All Things Being Sequel

In recent opinion columns and this picks column, I’ve already noted books by certain writers I’ve enjoyed. One of the joys of finding great authors is following them into other works. Here are three notable novels from writers whose works I’ve touted in the past that I’ve subsequently enjoyed, all of them authors who compel the dedicated reader to continue to consume from their oeuvres.

Book: Fluke by Christopher Moore — Moore’s Lamb: The Gospel According to Biff provided me with an excellent starting point to opine on the issue of the sacred versus the profane. I immediately got Fluke after reading Lamb, and it tackles a matter about which I am just as passionate about and fascinated by as religion and spirituality: the relationship between mankind and whales. What I find myself loving about Moore’s work is how he injects humor and humanity into serious themes to create stories that enlighten while they delightfully and often hilariously entertain. The mystery of whale songs and the idiosyncrasies of those who both seriously study cetaceans as well as exploit them provide a wonderful starting point for a tale that swims off into unexpected depths of highly original and thought provoking science fiction imagination. But for all of his absurdist wackiness, he ingeniously addresses again the weighty matters of who we are and what we believe with such spoonfuls of sugary deliciousness that the seriousness of what he says beneath his stories becomes gently yet firmly persuasive. And that is indeed a mark of true comedic and philosophical genius.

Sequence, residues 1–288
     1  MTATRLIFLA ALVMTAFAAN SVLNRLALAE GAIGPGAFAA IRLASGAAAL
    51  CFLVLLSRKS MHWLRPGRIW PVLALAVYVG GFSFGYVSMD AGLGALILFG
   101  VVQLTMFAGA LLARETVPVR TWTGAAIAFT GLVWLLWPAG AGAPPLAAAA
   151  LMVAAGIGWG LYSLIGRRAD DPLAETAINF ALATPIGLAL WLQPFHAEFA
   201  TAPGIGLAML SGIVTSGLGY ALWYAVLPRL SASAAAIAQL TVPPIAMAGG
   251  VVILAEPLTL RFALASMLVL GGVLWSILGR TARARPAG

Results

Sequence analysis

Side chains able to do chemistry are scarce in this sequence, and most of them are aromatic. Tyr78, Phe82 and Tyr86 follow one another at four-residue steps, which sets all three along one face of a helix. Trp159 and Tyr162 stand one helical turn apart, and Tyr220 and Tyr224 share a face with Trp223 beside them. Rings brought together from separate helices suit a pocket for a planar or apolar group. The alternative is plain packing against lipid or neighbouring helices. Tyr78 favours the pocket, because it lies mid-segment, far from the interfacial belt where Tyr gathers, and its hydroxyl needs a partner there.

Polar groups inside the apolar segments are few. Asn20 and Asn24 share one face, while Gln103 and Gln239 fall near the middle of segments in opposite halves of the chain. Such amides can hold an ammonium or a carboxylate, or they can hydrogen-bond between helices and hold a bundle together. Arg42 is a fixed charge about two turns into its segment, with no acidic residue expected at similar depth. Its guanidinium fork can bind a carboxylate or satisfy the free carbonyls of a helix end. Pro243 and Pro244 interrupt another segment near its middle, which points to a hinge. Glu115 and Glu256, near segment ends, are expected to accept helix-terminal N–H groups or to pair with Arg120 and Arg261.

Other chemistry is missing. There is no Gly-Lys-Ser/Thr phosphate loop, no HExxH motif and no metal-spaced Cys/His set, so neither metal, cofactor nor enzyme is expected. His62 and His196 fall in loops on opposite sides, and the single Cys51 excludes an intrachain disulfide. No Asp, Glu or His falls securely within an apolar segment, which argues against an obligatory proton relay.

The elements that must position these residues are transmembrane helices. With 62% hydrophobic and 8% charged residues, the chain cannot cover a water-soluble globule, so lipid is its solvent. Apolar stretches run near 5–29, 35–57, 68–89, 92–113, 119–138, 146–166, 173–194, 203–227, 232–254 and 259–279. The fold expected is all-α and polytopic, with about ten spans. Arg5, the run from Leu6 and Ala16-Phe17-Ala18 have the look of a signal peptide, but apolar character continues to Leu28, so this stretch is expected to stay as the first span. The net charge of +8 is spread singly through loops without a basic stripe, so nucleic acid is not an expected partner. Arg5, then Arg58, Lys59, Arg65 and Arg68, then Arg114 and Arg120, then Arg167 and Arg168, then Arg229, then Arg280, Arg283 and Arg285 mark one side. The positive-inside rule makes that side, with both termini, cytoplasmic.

Book: Rule of the Bone by Russell Banks — I’m awed by how, after now reading four novels by Banks, each one of them is distinctly different in style, tone, voice and topic, yet all never fail to engage, entertain and enlighten. This one starts out within the bleak milieu faced by a disaffected and rebellious teen in far Upstate New York and winds up quite unexpectedly in Jamaica. In a way that recalls the brilliant language of James Joyce’s A Portrait of the Artist as a Young Man, Banks gets inside the mind and thought patterns of youth and follows them on a journey of self discovery and maturation while the trail of his tale goes from the mundane to the exotic. Among modern American storytellers, Banks is a gem.

Book: Claudius The God by Robert Graves — While maybe not quite as concise and compelling as his masterful I, Claudius, its sequel is nonetheless as highly notable a work of modern English language literature, and with its predecessor likely as vivid and valuable a portal into the life, culture and politics of ancient Rome as any other works on that subject, both historical and fictional. Graves also makes a convincing case that the greatness of a person much less an emperor is not their Caesarian achievements and more the internal measures of a man. Historians may differ on the legacy of the actual Claudius, but Graves makes him for the reader as beloved, wise and both benevolent yet still ruthless — but for the right and justified reasons — a ruler as anyone who has held power in all of the world’s great states.

From The Progressive Populist, December 15, 2010


News | Current Issue | Back Issues | Essays | Links

About the Progressive Populist | How to Subscribe | How to Contact Us

Copyright © 2010 The Progressive Populist
PO Box 819, Manchaca TX 78652